YORK-BORN Lewis Cook – England’s first World Cup-winning football captain since Bobby Moore - has the mentality to make it to the very top.

That’s the view of former York City favourite Chris Jones, who managed the Tadcaster Grammar team that Cook played for from under-13 to under-15 level.

Midfielder Cook, who joined Premier League Bournemouth from Leeds United last summer, saw his national profile soar at the weekend after he became the only Three Lions skipper, other than the legendary Moore, to lift a World Cup.

He led England to a 1-0 victory over Venezuela at the FIFA Under-20 World Cup final in South Korea at the weekend, with the team having earlier beaten Argentina and the hosts at the group stages, before progressing past Costa Rica and Mexico to set up a semi-final meeting with Italy that they won 3-1.

Jones, who locked horns with the famous Moore during the Minstermen’s 1970s’ second division heyday, said of his former pupil’s potential: “Lewis was getting good reports at Leeds and he got his move to the Premier League, where he started for Bournemouth last season, but he then picked up an injury so missed most of the campaign.

“They also got Jack Wilshere in, which will have made it harder for him to get in the team, so the next challenge for Lewis, like all these young England players, will be to establish himself in the Premier League and, then, you look at how they have developed when they’re 23 or 24. He’s on the right track though.

“He’s played in the top division and captained his country to victory. That could turn some players into big-time Charlies, but I don’t think that will happen to him. He has a steady personality and has the right sort of people around him.

“Eddie Howe – his manager at Bournemouth – will keep him on the right track.”

Cook was also part of the England team that emerged triumphant from the 2014 U17 European Championship and has now represented his country at five different age groups.

During his final season at Leeds, meanwhile, he was named Football League Player of the Year – a prestigious award previously won by the likes of Dele Ali and Gareth Bale, with Jones adding “I’m really pleased for Lewis and Tadcaster Grammar are very proud of what he has achieved.

“He also looks a good skipper for that England side, as he’ll be a steady, calming influence. Amid the flair players around him, he’ll just quietly go about his business and control things in that midfield area of the pitch.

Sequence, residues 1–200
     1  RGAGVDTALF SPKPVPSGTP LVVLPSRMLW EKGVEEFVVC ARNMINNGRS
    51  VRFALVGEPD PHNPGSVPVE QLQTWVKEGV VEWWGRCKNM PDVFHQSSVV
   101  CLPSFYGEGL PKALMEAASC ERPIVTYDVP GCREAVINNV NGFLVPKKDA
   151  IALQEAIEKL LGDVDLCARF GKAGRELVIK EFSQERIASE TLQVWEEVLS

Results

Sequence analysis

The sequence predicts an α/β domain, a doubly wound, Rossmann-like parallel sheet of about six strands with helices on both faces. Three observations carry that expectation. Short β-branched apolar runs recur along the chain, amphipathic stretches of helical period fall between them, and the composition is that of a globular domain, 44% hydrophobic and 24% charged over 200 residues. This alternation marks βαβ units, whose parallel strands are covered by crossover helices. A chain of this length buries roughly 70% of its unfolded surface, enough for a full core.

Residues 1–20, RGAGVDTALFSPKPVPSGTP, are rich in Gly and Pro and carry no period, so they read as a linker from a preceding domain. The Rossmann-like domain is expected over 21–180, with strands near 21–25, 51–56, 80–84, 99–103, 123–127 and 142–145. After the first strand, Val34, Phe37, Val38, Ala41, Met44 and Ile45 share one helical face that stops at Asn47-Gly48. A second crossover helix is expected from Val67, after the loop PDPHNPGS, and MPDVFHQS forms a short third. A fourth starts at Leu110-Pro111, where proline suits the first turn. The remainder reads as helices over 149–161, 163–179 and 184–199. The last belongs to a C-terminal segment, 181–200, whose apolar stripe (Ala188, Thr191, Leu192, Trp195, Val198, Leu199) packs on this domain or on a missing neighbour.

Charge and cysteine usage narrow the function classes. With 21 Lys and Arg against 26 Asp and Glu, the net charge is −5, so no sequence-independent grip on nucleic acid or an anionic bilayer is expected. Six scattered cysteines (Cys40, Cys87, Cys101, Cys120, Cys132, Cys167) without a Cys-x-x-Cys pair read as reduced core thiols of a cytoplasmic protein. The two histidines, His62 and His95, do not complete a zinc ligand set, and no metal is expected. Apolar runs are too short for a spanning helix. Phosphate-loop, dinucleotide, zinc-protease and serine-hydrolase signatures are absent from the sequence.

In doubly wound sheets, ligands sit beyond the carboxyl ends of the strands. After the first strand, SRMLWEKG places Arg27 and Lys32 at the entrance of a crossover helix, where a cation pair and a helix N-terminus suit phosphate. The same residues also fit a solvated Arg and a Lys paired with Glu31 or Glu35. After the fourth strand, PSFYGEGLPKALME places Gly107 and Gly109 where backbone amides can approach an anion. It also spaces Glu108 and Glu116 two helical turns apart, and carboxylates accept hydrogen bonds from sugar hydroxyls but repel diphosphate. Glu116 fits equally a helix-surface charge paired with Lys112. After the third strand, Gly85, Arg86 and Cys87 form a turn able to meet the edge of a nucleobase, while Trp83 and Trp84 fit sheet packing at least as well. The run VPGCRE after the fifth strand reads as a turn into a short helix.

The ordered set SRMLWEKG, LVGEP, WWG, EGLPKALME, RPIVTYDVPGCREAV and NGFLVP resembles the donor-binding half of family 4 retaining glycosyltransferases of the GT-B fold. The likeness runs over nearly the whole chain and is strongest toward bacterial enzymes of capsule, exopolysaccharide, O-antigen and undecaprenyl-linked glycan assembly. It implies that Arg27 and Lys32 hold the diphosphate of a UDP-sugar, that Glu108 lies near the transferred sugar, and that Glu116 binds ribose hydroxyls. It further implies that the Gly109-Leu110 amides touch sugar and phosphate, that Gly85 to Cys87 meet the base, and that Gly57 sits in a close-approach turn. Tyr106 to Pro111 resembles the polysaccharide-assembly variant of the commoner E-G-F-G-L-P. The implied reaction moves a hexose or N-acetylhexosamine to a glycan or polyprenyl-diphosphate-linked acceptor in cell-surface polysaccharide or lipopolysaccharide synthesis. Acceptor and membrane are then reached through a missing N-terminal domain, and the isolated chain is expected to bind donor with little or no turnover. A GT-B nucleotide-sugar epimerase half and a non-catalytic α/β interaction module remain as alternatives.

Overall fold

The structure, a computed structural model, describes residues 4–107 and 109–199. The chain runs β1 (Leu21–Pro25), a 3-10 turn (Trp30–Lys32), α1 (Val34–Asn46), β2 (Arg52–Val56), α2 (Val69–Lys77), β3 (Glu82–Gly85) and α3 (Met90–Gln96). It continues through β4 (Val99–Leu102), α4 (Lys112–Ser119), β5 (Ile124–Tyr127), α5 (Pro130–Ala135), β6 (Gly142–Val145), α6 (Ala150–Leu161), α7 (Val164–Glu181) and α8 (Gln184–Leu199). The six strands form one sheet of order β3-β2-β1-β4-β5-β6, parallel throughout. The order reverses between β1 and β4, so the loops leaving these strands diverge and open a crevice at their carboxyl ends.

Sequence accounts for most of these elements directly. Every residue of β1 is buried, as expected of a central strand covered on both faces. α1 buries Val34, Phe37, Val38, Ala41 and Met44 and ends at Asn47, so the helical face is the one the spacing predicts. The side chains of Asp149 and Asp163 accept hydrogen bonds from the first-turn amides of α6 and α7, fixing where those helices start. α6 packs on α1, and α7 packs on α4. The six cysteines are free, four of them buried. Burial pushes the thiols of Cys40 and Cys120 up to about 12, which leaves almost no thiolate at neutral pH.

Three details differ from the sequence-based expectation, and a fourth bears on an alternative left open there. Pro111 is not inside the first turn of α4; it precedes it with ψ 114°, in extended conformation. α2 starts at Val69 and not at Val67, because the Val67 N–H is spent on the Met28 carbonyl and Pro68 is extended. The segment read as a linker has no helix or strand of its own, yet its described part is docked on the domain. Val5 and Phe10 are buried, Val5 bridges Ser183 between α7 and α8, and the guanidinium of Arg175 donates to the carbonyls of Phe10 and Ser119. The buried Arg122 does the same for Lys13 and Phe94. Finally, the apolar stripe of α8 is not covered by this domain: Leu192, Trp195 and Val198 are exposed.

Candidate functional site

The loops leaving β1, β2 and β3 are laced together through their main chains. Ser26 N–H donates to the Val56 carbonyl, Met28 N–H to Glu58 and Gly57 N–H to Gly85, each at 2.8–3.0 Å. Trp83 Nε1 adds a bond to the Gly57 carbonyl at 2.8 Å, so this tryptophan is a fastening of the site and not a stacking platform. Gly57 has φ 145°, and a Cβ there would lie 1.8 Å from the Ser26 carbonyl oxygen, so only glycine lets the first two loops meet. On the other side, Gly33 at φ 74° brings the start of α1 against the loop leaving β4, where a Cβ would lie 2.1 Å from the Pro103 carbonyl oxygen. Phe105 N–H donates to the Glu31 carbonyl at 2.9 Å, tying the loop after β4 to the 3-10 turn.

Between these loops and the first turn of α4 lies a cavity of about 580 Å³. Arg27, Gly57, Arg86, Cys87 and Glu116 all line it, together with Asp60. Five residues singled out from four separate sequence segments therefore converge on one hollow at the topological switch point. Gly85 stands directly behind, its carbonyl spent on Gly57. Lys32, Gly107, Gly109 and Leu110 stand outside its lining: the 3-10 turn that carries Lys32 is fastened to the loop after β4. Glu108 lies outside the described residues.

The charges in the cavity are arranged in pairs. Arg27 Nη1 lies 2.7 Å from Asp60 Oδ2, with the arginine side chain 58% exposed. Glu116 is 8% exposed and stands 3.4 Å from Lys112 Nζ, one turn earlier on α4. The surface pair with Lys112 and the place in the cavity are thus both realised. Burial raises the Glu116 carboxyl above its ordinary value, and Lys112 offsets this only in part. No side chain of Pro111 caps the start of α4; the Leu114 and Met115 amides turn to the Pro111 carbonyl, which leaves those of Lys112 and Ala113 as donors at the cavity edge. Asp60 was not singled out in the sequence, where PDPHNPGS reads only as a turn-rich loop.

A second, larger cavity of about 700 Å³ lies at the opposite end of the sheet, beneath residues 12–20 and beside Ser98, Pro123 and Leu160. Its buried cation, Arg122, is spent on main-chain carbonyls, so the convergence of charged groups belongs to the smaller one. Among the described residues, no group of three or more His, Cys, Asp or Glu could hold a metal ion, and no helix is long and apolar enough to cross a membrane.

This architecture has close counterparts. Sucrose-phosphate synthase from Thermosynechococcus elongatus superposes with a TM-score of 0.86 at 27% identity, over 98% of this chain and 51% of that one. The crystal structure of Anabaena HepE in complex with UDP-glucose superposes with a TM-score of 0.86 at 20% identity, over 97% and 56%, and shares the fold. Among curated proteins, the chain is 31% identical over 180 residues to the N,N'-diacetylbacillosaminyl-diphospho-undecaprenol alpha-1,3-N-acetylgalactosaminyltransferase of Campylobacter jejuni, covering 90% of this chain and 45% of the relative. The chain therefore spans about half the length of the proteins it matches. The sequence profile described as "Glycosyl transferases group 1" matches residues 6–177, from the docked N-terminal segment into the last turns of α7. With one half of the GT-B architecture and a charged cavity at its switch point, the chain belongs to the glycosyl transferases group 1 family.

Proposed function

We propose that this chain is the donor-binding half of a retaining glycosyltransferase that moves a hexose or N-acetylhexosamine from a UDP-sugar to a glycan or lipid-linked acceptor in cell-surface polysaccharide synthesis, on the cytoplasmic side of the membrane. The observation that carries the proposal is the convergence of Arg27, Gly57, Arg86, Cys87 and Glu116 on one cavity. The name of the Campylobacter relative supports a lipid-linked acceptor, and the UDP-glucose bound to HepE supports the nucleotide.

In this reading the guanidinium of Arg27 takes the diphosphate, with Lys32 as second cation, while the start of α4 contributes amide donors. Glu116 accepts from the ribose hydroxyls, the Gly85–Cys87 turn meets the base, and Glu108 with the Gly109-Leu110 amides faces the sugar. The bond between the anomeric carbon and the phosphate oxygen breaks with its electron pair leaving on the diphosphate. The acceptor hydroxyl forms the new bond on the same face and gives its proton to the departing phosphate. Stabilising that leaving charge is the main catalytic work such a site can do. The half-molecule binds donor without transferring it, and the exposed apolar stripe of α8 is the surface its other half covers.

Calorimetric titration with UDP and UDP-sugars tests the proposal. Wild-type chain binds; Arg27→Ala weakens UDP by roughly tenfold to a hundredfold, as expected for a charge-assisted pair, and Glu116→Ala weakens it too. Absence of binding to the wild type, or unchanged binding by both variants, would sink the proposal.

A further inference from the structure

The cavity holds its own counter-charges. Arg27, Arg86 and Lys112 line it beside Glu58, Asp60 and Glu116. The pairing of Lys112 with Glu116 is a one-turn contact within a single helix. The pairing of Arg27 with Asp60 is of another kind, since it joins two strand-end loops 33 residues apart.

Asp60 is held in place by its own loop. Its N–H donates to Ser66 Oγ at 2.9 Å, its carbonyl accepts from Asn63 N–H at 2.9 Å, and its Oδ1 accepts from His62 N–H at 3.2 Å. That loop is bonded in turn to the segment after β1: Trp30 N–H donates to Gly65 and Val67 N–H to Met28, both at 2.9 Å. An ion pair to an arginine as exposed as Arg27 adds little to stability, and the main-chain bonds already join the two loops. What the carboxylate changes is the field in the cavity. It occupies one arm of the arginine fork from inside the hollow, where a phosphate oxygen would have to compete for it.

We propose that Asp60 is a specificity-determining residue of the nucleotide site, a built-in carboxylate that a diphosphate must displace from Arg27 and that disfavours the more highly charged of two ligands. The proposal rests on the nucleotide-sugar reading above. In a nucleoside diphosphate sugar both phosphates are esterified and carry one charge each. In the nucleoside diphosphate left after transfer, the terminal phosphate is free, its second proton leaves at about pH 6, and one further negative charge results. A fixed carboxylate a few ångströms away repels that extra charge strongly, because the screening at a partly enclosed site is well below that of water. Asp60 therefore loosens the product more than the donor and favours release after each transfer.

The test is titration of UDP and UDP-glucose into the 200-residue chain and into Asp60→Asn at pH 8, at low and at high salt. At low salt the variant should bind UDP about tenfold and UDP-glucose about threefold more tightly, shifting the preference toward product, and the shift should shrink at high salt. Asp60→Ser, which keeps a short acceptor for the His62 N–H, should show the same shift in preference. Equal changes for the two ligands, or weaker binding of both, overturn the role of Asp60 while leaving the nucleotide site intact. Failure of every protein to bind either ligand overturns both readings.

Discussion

“I watched the game and hadn’t realised he was captain, so it was great to see him lift the cup and great to hear another York man Guy Mowbray commentating on the match.”

Jones worked as a supply teacher at Tadcaster from 2003 to 2015, while helping manage the school’s football teams, which Cook turned out for from U13 to U15 level.

He was an obvious stand-out performer, but former mentor Jones recalls Cook also being a model student, who did not seek the limelight as he helped the side to York Schools’ league and cup success.

“Lewis was a good lad – quiet and unassuming, but very strong and a determined character,” Jones explained. “He worked hard at school, was a good all-round sportsman and the best player we had during my time at Tadcaster.

“He still had a bit of work to do back then and I also think he probably had more in his locker than he showed when he was playing with us because he probably didn’t want to jeopardise anything at Leeds by getting injured with us, but he still scored some good goals from midfield. He played for Leeds if our games clashed with theirs, so he didn’t play in all our matches, but we tried to make sure he was available for the most important ones.

“When he was in his last year at school, he spent more time at Leeds and he would only be in school a couple of days a week. We’ve lost touch over the years, but I went to see him play for England U16s at Chesterfield, when he only came on as a substitute, because that age group do have a really strong squad.”

The day after Cook was celebrating historic success with England, another York-born, former Tadcaster Grammar pupil Charlie Taylor completed a reported £5million move from Leeds to West Brom.

Taylor, now 23, spent a brief spell on loan at his home-town club five years ago during current chief Gary Mills’ first spell in charge.

Both Cook and Taylor were spirited away from York to Elland Road at an early age, although Jones also ensured the former was on the Minstermen’s radar, should he too become available at any point.

“I don’t think there was any way Lewis was ever going to be moved on as a young player at Leeds,” Jones reasoned. “But I did float his name to Gary Mills, during his first spell as York City manager, with the suggestion that Lewis would be a good player to work with if he could ever get hold of him.”